When Your Budget Won’t Budge
The perks of being a public school teacher:
- Tenure (and obvious job security once you reach tenure).
- “Summers off” (I work for the county during the summer and take classes, but even still, I have lots of time to travel).
- The daily satisfaction of knowing that you are doing something that actually matters. Even on my worst days, I still feel like I’ve done something worth doing.
The downsides of being a public school teacher:
- Very little room for upward movement (unless you want to become an administrator. Which I don’t. Ever).
- The public’s perception that you are, well, lazy (see: “Summers off”).
- Very little control over your salary/pay scale. Unless we move to pay for performance (which I have serious issues with), I will always be locked into a set pay scale, regardless of how much/how hard I work.
I’m not trying to turn this blog or even this post into a controversial (and endless) discussion of what public school teachers are worth/how they should be compensated. However, I realized today that, due to some maneuvering within my county and the state, I will essentially be making the same amount of money this year as I did my second year of teaching. If they keep making cuts, I could soon be making the same amount of money as I made my FIRST year of teaching. And then I wigged out. I wigged out because:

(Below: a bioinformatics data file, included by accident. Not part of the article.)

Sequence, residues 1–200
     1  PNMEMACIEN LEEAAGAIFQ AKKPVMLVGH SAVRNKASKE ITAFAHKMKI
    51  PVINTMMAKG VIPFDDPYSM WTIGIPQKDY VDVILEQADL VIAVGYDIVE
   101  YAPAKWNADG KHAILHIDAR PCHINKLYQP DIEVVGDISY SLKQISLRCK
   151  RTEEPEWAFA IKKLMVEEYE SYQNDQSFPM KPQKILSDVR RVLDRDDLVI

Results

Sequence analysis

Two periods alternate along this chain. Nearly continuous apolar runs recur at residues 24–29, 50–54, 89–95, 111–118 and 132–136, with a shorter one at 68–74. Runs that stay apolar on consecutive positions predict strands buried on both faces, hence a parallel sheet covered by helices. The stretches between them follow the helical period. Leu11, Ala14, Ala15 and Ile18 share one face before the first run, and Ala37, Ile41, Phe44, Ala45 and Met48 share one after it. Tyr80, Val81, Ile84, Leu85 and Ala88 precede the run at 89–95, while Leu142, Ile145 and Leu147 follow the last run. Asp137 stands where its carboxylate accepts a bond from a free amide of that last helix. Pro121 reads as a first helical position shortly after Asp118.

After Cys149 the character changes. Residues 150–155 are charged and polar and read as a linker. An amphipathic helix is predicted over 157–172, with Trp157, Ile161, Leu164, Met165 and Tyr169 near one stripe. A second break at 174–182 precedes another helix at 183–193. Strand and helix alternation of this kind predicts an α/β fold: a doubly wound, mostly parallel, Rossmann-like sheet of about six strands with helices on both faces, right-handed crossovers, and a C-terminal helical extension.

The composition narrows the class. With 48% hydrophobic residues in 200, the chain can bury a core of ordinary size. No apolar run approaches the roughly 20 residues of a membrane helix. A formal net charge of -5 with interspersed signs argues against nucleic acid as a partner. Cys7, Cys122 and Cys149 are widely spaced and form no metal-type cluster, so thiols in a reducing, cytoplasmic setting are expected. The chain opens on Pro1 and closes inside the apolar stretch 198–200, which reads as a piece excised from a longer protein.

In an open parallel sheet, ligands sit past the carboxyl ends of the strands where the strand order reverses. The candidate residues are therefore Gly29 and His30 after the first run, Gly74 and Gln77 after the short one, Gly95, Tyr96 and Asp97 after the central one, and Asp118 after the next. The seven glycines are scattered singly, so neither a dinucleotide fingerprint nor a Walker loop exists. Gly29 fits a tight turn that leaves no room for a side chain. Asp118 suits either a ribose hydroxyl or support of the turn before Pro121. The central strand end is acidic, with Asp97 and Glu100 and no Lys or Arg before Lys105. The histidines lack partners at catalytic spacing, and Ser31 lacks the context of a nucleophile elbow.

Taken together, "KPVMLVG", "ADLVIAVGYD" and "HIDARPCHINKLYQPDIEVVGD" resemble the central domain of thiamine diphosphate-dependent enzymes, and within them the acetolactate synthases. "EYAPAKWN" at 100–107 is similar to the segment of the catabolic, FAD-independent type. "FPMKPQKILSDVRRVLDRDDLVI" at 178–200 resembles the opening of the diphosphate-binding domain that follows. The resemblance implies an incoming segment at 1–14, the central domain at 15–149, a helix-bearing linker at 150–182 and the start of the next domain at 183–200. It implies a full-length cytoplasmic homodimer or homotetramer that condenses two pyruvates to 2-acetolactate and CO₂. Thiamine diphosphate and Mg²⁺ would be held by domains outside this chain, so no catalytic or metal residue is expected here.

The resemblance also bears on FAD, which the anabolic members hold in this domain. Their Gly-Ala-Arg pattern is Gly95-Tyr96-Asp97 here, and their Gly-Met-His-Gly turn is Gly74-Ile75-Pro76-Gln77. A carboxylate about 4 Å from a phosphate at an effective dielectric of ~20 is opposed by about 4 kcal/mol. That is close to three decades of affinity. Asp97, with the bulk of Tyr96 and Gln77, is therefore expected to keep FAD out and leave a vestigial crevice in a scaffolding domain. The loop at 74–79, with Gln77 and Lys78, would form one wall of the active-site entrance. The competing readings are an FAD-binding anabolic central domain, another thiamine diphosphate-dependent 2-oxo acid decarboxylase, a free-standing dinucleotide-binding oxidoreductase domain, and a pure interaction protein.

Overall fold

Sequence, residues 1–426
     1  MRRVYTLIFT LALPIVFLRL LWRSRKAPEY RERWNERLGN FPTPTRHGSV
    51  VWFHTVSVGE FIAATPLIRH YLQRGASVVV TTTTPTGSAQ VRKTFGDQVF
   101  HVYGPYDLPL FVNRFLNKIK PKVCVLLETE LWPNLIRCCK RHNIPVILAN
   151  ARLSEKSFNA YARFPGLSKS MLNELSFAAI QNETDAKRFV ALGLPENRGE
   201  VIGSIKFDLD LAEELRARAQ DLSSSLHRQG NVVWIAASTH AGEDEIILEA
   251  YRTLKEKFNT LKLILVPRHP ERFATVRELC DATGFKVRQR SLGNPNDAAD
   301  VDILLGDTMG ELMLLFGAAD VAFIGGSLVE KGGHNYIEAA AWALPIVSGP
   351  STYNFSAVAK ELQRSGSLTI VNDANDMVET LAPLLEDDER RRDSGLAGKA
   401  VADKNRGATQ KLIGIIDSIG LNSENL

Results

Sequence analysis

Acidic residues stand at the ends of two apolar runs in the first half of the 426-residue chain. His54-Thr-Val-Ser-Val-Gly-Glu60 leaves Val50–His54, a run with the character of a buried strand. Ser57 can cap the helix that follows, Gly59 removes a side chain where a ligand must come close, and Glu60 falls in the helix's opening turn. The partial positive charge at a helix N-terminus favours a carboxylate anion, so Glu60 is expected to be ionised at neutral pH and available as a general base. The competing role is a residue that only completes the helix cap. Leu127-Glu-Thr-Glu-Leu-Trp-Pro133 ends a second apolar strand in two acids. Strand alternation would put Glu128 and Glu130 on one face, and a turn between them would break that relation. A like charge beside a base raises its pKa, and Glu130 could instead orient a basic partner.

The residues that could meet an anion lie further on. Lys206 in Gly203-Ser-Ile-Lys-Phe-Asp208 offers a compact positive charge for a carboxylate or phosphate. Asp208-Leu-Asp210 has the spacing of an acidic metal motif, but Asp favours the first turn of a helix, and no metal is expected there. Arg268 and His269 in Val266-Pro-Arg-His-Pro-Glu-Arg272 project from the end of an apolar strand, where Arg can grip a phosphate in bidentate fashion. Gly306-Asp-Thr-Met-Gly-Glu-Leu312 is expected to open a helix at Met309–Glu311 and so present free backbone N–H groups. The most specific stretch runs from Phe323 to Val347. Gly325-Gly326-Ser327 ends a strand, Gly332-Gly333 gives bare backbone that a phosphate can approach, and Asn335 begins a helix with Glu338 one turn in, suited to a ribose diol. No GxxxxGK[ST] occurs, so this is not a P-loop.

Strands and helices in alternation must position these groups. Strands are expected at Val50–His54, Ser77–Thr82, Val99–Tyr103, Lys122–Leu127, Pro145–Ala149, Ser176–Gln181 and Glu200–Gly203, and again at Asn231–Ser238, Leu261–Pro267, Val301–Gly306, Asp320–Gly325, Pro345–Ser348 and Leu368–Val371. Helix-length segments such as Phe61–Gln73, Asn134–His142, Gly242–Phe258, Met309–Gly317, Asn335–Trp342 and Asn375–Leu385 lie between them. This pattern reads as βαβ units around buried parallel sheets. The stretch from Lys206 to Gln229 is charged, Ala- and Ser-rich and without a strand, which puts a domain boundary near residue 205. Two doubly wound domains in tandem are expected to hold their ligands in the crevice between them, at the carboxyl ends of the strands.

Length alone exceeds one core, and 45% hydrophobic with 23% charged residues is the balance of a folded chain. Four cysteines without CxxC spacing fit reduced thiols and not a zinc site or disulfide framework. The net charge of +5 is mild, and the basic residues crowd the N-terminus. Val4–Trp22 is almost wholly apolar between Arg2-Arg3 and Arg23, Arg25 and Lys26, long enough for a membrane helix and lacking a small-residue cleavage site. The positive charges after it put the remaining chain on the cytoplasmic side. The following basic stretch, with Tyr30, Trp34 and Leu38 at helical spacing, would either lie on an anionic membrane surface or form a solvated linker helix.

- I am currently paying for grad school out of pocket. I want to avoid student-loan debt for as long as possible.
- I just bought a car. And a laptop. Both were things that I needed, but they were BIG purchases.
- I feel like I should be making MORE money as the years go by and I gain experience (and more formal education), not less. I want to eventually buy a house, but it’s hard to save money when your employer keeps cutting back.
Mind you, I have a job. I have a secure job, at that. And that job comes with health care and a retirement plan and other perks and benefits. I know that I am WAY better off than a lot of people out there, including people who have families to support. I am thankful and lucky that I only need to worry about me, but I am still concerned about how I can continue caring for myself while also planning for my future.
Oh, and I still need to eat.
And I want to eat well.
So what do you do when your budget won’t budge?
I’ll tell you what you DON’T do: you don’t go out and pay someone to make you dinner, even though the last thing you feel like doing is cooking.
Instead, you get in your kitchen, and you use what you have on hand.
And, if you’re lucky, it turns out like this:
Garlic Shrimp and Spinach Stir Fry
- 1/4 C bulgur with soy (prepared according to directions)
- 8-10 small shrimp, defrosted (if frozen) and peeled
- 2-3 big handfuls spinach
- 1 clove garlic
- 1-2 tbsp Eggplant Garlic Spread, optional
- 1 oz Feta cheese
- salt and pepper, to taste
- Prepare bulgur according to directions, set aside.
- Heat garlic in a saute pan over medium high heat. Toss in spinach and shrimp and stir constantly until spinach is wilted and shrimp are pink.
- Toss spinach and shrimp with bulgur, stir in eggplant spread and top with feta. Season to taste.
This meal reminded me that healthy eating doesn’t need to be a hassle, nor does it need to be expensive.
Even more importantly, it doesn’t need to be gross.
So with this in mind, I’m taking my own advice and trying to be positive about my situation.
I have a job. I have a job that I’m good at. I have a job that I love.
As long as this job allows me to live (and eat) well, I’ll be ok.